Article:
When I ran the Whiskey Half Marathon a few weeks ago, I spent a few minutes of the hardest part of the race (about mile 5) running alongside a very friendly and, in my opinion, inappropriately happy guy. We had been climbing this mountain for the last 45 minutes and I felt like I was going to die. He knew I was in pain because, well frankly, I kept saying how much this race sucked! This annoyingly happy guy just started repeating over and over, "This mountain is our friend. This feels great. Yeah! Yeah!Yeah! I love this!" Ugh! That was enough for me. Way too much positivity. I had to break away and find other haters to run with (wasn't hard!). I know. I am a sports psychologist's worst nightmare.

I know that 26.2 miles is hard. If it weren't, more than one tenth of one percent of the US population would have run a marathon.

I've done the training and I have a cause.

Now, I will just need my body to hang tough for 4 hours on the pavement.

And, maybe I'll say a few positive affirmations along the way...just for Mom.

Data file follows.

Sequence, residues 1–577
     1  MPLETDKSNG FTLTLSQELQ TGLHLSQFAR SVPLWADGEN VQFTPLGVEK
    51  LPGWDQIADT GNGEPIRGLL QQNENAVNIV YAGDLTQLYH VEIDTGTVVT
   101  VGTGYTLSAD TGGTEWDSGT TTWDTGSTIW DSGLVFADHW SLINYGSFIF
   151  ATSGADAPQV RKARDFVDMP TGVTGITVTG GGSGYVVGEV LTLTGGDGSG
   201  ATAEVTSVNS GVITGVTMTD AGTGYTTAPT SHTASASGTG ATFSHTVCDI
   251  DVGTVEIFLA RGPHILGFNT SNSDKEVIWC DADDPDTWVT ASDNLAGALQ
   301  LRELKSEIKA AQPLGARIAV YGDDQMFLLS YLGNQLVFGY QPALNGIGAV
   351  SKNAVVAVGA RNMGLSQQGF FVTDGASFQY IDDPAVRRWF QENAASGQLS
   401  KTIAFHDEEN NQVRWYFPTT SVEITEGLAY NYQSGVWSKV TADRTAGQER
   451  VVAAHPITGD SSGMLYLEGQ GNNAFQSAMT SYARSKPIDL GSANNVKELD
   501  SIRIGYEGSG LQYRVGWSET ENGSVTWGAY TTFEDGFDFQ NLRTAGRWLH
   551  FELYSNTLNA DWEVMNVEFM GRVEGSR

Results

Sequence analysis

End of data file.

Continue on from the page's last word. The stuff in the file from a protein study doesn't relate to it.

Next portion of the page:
Summer Break

Yay! I am so excited to have these little squirts home all day!

Saturday, May 16, 2009

Welcome, Summer!

Goodbye, Spring.

Hello, Summer.

On Saturday, we took some time to enjoy the days of summer!

We Y Arizona!

Friday, May 15, 2009

Happy National Chocolate Chip day!!

Go Ahead...


Thursday, May 14, 2009

Shin Splints

Help! My shins are on fire!

Anybody got any ideas?

Getting desperate.

Sunday, May 10, 2009

I Miss You

This is the hardest day of the year. Birthdays... Anniversaries... those are all tough, but today is the most painful. While the world around me is celebrating today with cards, presents, and brunches with mom, it is impossible to escape the reality that my mom is not here. If I could, I would curl up in bed and sleep today away.

I can't.

So, I will do the next best thing~today I want to remind the world how wonderful my mom was.
One year and eight months ago, I spoke at my mom's funeral.
This is what I said...

When I was 13, my mom stood on stage at the Poston Junior High Faculty Follies dressed in head to toe spandex, a Tina Turner wig, dancing her tail off for all of my peers to see. In front of my cool friends and the dozen or so boys I had crushes on, I was mortified! For awhile there, it felt as if her sole purpose in life was to embarrass me. As I’ve gotten older, I realize that the very quality in her that haunted me in my teens, the ability and desire to say and do whatever you want, without worrying about being judged was a gift and one of the many ways I wish I was more like her.